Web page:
The Federal Government has introduced a new “JobKeeper” scheme, aimed at assisting eligible employers who have experienced a decline in turnover caused by the COVID-19 pandemic to retain jobs.
The scheme consists of:
- A JobKeeper payment of $1,500 per fortnight for each eligible employee, available between 30 March 2020 and 27 September 2020; and
- Increased flexibility in relation to a stand down, annual leave arrangements and directions about duties and location of work.
Do I qualify for the scheme?
You qualify for the scheme if you carried on a business in Australia (or in the case of not-for-profit entities, pursue objectives principally in Australia) as at 1 March 2020, and satisfy a decline in turnover test.
In most cases, the decline in turnover test will require you to establish that your projected turnover for a relevant month or quarter1 has declined by a specified percentage, when compared to the corresponding period in 2019.
The required percentage is at least 30 per cent, unless you fall within one of the categories below:
- For charities registered with the Australian Charities and Not-for-profits Commission (ACNC)2 – at least 15 per cent;
- For larger businesses (with aggregated turnover likely to exceed $1 billion in the income year in which their qualification is being tested, or with aggregated turnover exceeding $1 billion in the previous income year) – at least 50 per cent.
Turnover is calculated as it is for GST purposes, with some modifications. If you are an ACNC-registered charity or deductible gift recipient, certain donations and gifts received or which are likely to be received are also included in the calculation of turnover. This means that if you have experienced a decline in donations or gifts, you may be eligible for the scheme.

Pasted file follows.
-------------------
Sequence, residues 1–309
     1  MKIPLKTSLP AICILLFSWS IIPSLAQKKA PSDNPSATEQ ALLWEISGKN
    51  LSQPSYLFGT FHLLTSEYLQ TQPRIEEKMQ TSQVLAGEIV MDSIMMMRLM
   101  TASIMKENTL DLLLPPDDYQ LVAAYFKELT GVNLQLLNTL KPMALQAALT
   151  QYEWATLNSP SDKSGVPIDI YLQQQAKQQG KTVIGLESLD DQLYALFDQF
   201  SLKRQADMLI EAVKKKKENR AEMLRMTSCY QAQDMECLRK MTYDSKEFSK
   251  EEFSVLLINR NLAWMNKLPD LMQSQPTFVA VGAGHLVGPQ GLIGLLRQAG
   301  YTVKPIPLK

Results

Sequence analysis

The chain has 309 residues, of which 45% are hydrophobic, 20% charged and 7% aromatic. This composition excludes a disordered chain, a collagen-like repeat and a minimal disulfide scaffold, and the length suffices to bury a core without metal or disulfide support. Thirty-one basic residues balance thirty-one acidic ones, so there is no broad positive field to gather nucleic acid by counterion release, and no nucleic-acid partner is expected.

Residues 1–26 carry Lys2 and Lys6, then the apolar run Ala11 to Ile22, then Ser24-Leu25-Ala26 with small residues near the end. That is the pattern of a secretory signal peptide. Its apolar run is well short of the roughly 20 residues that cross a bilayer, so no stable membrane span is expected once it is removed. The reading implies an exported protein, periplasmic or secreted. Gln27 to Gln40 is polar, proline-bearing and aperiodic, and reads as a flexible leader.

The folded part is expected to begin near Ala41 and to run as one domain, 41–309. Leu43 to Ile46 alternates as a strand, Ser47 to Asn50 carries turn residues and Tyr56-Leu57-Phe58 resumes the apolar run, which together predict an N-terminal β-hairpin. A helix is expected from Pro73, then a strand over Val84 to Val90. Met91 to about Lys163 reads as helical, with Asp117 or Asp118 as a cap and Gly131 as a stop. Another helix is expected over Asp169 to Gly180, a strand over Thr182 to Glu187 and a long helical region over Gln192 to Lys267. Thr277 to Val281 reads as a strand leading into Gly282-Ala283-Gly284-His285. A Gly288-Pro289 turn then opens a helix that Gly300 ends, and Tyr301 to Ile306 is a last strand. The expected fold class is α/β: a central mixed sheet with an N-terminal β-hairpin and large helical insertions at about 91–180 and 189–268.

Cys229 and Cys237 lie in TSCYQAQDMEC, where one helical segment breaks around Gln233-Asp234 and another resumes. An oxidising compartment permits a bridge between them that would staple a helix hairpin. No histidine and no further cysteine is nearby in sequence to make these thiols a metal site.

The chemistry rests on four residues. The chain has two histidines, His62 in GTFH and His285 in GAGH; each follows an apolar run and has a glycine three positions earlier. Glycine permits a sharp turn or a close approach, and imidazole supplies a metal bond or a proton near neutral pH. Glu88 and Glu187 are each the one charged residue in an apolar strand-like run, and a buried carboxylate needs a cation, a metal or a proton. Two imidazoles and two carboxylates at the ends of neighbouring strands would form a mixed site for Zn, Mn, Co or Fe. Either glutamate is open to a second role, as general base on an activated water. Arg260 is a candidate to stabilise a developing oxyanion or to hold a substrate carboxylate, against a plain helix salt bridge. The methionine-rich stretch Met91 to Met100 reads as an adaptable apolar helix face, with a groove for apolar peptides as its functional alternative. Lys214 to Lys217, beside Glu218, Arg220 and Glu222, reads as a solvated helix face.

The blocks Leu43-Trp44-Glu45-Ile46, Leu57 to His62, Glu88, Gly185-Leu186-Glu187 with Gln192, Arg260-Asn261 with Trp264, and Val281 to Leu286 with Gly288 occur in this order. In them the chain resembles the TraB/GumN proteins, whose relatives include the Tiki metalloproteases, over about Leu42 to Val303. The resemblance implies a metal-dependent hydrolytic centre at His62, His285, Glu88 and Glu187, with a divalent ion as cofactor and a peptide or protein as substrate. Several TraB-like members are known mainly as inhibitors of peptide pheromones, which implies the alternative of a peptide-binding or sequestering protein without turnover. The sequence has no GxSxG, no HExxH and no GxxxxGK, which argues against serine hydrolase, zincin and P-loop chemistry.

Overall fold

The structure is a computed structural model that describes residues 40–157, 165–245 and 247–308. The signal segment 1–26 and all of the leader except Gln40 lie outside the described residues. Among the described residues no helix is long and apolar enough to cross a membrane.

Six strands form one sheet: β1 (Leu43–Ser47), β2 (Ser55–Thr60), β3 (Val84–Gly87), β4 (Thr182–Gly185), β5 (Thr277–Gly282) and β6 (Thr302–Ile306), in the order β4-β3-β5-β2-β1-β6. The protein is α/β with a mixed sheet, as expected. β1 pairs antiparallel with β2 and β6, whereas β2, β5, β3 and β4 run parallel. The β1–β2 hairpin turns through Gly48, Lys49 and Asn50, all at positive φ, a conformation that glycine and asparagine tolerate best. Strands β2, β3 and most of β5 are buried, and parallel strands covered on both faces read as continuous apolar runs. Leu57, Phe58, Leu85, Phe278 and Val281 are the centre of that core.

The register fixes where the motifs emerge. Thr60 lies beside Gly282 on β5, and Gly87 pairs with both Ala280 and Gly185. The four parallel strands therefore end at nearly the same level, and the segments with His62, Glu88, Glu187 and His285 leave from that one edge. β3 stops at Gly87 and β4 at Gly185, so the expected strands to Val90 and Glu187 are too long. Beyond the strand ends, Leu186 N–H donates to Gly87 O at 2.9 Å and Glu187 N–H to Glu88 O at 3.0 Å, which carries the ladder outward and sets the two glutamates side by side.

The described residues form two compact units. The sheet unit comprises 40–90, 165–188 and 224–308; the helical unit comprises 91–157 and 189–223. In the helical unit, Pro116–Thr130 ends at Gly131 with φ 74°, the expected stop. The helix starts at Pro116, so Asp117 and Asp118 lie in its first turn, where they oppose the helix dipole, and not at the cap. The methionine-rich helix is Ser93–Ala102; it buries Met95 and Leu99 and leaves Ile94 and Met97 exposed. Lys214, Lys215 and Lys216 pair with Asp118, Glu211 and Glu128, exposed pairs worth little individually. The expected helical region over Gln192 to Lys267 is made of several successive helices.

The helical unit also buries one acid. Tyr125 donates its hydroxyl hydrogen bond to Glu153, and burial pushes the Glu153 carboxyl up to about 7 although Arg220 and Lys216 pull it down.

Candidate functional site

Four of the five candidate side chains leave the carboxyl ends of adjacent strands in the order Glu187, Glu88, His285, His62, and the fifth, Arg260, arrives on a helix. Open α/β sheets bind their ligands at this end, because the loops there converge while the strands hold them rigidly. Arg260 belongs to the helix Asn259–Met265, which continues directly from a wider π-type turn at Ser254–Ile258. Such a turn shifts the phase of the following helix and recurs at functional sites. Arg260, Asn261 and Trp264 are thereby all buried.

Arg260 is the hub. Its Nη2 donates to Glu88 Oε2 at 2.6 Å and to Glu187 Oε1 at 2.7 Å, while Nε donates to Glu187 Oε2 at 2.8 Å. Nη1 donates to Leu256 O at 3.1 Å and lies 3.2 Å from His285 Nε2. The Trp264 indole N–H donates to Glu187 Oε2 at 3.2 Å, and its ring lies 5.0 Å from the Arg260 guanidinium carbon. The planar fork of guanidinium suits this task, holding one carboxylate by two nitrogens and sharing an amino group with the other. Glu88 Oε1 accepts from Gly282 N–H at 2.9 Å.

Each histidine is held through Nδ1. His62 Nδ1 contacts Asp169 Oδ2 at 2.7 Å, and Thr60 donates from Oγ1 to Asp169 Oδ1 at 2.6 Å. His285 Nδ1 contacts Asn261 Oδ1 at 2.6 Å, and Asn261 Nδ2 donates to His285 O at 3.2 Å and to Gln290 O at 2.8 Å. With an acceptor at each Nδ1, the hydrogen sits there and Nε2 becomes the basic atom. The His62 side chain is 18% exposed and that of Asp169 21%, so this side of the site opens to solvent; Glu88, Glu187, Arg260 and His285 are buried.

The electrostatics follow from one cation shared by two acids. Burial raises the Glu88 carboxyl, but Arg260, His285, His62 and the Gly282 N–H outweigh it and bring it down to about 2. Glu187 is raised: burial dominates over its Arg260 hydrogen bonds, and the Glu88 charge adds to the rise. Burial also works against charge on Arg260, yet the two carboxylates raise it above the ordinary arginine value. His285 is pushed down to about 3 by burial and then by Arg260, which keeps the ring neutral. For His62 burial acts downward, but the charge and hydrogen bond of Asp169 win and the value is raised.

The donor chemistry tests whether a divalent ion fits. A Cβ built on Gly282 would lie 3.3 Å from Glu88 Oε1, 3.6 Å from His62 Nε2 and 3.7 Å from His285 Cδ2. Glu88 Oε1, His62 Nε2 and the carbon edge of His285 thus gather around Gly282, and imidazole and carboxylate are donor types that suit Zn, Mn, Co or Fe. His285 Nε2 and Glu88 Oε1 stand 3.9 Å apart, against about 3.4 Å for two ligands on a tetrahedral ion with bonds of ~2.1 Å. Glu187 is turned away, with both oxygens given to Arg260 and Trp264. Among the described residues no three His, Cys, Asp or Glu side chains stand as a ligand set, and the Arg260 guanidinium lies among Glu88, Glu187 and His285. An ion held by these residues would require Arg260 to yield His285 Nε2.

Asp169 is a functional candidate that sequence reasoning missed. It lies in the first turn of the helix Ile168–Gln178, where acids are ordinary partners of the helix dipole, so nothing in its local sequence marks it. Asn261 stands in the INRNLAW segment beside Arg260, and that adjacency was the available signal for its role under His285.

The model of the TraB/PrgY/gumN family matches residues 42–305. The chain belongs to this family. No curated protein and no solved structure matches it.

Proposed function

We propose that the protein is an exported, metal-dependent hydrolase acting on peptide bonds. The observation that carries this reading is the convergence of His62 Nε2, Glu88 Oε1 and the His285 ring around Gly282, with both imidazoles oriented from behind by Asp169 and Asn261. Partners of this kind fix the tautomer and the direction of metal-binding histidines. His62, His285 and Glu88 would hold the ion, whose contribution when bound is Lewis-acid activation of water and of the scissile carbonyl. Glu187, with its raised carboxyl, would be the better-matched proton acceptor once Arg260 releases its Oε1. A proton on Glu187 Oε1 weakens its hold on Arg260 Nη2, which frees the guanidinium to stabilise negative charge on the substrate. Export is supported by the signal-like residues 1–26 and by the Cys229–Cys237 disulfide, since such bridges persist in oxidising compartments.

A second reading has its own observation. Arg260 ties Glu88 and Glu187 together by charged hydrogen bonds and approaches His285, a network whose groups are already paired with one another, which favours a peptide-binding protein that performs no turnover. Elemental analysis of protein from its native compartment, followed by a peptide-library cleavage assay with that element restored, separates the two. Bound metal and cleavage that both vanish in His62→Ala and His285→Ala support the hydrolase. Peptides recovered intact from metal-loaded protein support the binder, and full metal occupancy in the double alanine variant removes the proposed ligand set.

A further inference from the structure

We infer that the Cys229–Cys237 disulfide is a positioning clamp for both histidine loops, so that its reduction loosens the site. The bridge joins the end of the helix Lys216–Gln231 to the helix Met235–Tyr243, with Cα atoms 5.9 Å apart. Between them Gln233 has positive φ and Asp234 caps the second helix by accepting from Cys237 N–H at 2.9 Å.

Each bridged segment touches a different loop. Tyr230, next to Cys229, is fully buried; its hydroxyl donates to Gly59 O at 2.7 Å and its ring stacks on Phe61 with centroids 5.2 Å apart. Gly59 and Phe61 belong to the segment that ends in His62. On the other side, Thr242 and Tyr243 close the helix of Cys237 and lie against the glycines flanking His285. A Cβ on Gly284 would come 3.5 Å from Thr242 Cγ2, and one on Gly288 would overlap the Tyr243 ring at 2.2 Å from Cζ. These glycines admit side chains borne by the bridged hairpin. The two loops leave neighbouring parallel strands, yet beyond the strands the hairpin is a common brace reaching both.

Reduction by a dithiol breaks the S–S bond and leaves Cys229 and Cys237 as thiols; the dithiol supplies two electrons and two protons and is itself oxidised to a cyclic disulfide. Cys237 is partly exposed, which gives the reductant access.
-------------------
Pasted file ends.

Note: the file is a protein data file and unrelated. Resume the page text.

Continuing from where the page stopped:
REMEMBER: Even if you do not initially qualify for the scheme, you should continue to monitor any decline in turnover as you may qualify for the scheme in a later period.
How does the JobKeeper payment work?
If you qualify, you will receive a fixed payment from the Australian Taxation Office (ATO) of $1,500 per fortnight for each eligible employee.
The payment is essentially a reimbursement, as it will be paid by the ATO in arrears and you must have already paid the eligible employee at least $1,500 (before tax) in the relevant fortnight in order to receive the payment.3 This means that the wage of employees who earn more than $1,500 per fortnight will be partly subsidised, and employees who earn less than $1,500 per fortnight will receive an uplift.
Eligible employees are those who:
- As at 1 March 2020, were employed by you (excluding casual employees other than long term casual employees), were aged 16 years and over, and were an Australian resident or an Australian tax resident holding a Special Category (Subclass 444) Visa; and
- In the relevant fortnight, are employed by you (including employees who have been stood down under the Fair Work Act 2009 (Cth)), and are not excluded from being an eligible employee.4
This means that an employee could be eligible if you terminated their employment after 1 March 2020 but then subsequently re-hired them (for example, where you did not expect to be able to pay the employee as a result of the COVID-19 pandemic, but are able to rehire the employee with the support of the JobKeeper payment).